Every year I forget about the surprise lilies, and every year up they pop and add a touch of unexpected grace to the jungle that is my garden by this point in the summer. Also known as naked ladies and spider lilies, they belong to the genus Lycoris; the most common version in our part of the country is Lycoris squamigera, which bears pink flowers.
They do have leaves: their strap-like foliage comes up in the spring, but it eventually withers and dies completely back, so that you forget that the plant was ever there.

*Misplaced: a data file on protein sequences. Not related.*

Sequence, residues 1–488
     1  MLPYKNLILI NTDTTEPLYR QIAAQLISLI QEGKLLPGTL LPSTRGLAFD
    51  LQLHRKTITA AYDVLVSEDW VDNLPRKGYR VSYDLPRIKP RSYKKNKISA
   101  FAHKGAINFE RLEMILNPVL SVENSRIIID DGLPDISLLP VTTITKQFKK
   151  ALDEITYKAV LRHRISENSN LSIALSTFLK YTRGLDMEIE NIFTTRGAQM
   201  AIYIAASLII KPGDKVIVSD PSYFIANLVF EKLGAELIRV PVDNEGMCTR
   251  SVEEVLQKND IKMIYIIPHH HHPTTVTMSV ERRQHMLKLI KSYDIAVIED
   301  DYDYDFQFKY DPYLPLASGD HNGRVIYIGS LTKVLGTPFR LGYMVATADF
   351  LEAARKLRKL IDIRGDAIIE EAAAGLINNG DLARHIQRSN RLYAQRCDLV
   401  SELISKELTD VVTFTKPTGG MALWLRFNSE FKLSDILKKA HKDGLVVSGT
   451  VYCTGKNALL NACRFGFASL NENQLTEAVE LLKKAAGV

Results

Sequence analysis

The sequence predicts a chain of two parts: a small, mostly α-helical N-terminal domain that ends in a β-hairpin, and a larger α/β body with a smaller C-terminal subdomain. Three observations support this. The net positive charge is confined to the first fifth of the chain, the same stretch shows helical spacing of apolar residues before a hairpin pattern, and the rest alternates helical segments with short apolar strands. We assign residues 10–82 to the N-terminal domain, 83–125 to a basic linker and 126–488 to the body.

Weeks later, usually around the beginning of August in southern Minnesota, the tall flower shoots emerge seemingly from nowhere. This year we even mowed the end of the bed where they are, so their leafless appearance is even more startling.
I took these photos on Saturday; all of the shoots seen above are now in full bloom. You can learn more about surprise lilies here.